“The stigma of a criminal record jeopardizes the future of those Indigenous people who hope to pursue gainful employment and to secure a place within their respective communities as active participants. Indigenous people particularly suffer from the residual burdens of criminal records as a result of their disproportionate representation in Canada’s criminal justice system. Implementing a regime by which record suspensions will be automatic, as envisioned by the Fresh Start Coalition, helps to alleviate these burdens,” concluded Drew Lafond, President of the Indigenous Bar Association.

Over 60 organizations have signed onto the coalition which has a diverse membership of mental health organizations, violence against women organizations, poverty advocates, Indigenous- and Black-led organizations, and more. The groups joining the call today include:

  • Alliance for Healthier Communities
  • Aboriginal Legal Services
  • Assaulted Women’s Helpline (AWHL)
  • Barbra Schlifer Commemorative Clinic
  • Bethesda House
  • Black Community Action Network Peel
  • Black Legal Action Centre
  • British Columbia Civil Liberties Association
  • Canadian Association of Black Lawyers
  • Canadian Associations of Elizabeth Fry Societies
  • Canadian Civil Liberties Association
  • Canadian Council of Muslim Women
  • Canadian Mental Health Association National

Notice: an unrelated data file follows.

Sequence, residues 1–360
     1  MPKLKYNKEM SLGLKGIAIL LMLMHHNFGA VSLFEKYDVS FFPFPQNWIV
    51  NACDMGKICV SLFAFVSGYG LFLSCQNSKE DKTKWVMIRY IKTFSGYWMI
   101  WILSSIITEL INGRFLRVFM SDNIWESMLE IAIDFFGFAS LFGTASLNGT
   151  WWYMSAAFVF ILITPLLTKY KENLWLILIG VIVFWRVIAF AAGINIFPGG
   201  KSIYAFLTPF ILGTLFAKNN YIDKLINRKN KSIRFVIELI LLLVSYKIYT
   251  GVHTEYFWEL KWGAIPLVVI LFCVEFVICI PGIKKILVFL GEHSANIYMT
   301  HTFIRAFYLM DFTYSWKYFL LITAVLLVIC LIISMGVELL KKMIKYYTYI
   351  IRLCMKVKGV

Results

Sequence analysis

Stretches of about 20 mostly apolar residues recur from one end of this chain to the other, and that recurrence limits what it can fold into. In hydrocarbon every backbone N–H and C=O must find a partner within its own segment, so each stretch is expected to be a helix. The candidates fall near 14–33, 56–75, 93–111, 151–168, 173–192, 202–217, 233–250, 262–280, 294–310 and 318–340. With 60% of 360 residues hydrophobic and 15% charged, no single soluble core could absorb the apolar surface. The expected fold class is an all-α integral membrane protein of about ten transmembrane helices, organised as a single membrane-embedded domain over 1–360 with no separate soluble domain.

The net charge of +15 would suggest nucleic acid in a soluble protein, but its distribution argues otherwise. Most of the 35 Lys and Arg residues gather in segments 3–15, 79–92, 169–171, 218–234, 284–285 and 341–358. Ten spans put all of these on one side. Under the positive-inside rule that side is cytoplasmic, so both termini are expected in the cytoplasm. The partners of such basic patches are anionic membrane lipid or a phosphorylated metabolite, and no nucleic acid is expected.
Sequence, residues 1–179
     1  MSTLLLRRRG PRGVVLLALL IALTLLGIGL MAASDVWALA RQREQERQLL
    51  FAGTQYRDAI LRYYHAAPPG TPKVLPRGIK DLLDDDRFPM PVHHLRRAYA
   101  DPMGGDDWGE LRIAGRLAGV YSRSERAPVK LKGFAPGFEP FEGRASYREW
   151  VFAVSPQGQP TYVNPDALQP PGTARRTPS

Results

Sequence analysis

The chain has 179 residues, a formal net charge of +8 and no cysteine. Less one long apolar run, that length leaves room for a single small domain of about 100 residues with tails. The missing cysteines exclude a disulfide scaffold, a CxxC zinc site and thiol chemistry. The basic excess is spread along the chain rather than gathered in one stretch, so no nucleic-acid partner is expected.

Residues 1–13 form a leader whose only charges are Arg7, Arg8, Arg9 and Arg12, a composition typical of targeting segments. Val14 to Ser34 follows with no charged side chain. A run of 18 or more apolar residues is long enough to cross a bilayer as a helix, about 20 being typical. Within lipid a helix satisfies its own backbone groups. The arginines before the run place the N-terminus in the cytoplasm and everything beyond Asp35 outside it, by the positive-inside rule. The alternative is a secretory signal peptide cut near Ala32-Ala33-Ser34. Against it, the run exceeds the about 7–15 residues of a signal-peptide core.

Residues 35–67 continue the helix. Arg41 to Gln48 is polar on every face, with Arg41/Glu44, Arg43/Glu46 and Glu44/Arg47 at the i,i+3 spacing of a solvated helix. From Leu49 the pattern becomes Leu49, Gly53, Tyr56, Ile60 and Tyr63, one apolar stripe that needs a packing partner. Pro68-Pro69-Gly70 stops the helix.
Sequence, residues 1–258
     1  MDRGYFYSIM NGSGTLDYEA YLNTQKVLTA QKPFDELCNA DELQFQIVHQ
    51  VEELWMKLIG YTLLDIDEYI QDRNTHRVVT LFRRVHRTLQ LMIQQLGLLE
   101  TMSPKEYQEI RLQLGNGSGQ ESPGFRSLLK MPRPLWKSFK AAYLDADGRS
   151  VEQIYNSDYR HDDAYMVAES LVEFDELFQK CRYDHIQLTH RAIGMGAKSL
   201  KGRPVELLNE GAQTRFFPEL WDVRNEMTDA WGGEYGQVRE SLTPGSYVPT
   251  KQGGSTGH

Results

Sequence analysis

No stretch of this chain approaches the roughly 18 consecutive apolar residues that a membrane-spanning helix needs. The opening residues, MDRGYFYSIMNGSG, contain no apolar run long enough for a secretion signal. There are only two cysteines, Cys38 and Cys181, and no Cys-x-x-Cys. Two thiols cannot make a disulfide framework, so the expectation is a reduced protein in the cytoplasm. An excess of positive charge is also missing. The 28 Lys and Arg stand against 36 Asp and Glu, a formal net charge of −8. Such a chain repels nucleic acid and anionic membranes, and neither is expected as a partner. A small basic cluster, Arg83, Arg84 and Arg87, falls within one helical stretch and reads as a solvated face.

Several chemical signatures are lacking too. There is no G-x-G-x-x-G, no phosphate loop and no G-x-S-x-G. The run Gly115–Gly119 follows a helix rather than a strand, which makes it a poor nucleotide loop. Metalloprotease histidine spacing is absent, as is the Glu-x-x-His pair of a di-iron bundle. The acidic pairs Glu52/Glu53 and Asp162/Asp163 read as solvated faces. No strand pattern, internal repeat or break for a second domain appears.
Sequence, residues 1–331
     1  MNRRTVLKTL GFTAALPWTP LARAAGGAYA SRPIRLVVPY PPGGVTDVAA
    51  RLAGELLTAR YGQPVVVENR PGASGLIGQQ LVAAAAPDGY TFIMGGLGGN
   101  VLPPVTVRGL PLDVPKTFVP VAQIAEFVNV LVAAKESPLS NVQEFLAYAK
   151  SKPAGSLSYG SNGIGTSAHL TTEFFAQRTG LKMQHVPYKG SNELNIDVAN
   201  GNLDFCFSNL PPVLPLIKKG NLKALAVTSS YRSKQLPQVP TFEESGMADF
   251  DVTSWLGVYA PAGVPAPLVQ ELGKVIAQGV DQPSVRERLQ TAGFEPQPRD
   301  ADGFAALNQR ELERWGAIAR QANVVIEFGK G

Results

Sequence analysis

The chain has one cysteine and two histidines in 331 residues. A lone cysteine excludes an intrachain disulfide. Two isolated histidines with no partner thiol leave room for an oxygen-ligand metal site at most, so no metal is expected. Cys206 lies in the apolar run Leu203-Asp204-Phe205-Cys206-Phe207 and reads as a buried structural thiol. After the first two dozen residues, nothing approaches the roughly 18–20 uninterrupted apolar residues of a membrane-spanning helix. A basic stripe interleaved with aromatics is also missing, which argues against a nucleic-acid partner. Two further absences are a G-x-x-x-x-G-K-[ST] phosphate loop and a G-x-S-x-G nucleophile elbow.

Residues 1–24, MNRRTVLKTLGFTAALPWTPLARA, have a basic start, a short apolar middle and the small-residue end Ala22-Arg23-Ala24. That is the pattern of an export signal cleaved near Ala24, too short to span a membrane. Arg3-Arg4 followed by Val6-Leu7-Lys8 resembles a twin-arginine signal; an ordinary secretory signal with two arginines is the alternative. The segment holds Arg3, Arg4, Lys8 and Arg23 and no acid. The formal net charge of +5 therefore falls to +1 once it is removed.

• Canadian Mental Health Association Ontario
  • Canadian Prison Law Association
  • Cannabis Amnesty
  • The Centre for Addiction and Mental Health
  • Criminal Lawyers’ Association
  • The Elizabeth Fry Society of Cape Breton
  • Elizabeth Fry Society of Kamloops
  • Elizabeth Fry Society of Mainland Nova Scotia
  • Elizabeth Fry Society of New Brunswick
  • Elizabeth Fry Society of Newfoundland and Labrador
  • Elizabeth Fry Society of Northern Alberta
  • Elizabeth Fry Society of North-Eastern Ontario
  • Elizabeth Fry Society of Saskatchewan
  • Elizabeth Fry Toronto
  • Elliot Lake Women’s Group Inc.
  • Empowerment Council
  • Halton Community Legal Clinic
  • Health Justice Program
  • HIV & AIDS Legal Clinic Ontario
  • HIV Legal Aid Network
  • Hope 24/7
  • Huron Women’s Shelter
  • Inasmuch House & Women’s Services, Mission Services of Hamilton
  • Indigenous Bar Association
  • John Howard Society of Canada
  • John Howard Society of New Brunswick
  • John Howard Society of Ontario
  • John Howard Society of Saskatchewan
  • Kinna-aweya Legal Clinic
  • Lanark County Interval House
  • Luke’s Place
  • Mothers Offering Mutual Support (MOMS)
  • Muskoka Parry Sound Sexual Assault Services
  • Neighbourhood Legal Services
  • Network of Women with Disabilities (NOW)
  • Niagara Community Legal Clinic
  • Ontario Alliance to End Homelessness
  • Ontario Association of Interval and Transition Houses (OAITH)
  • Ontario Coalition of Rape Crisis Centres
  • Ottawa Coalition To End Violence Against Women (OCTEVAW)
  • Peel Alliance to End Homelessness
  • Prisoners’ Legal Services
  • Pro Bono Law Saskatchewan
  • Queen’s Prison Law Clinic
  • Resolve Counselling Services
  • Saint John Learning Exchange
  • The Social Economy Through Social Inclusion Coalition (SETSI)
  • The Women & Children’s Shelter (Barrie)
  • Thunder Woman Healing Lodge Society
  • Timmins and Area Women in Crisis
  • Toronto Prisoners’ Rights Project
  • Victim Services of Durham Region
  • Women’s Shelter Canada
  • YWCA Cambridge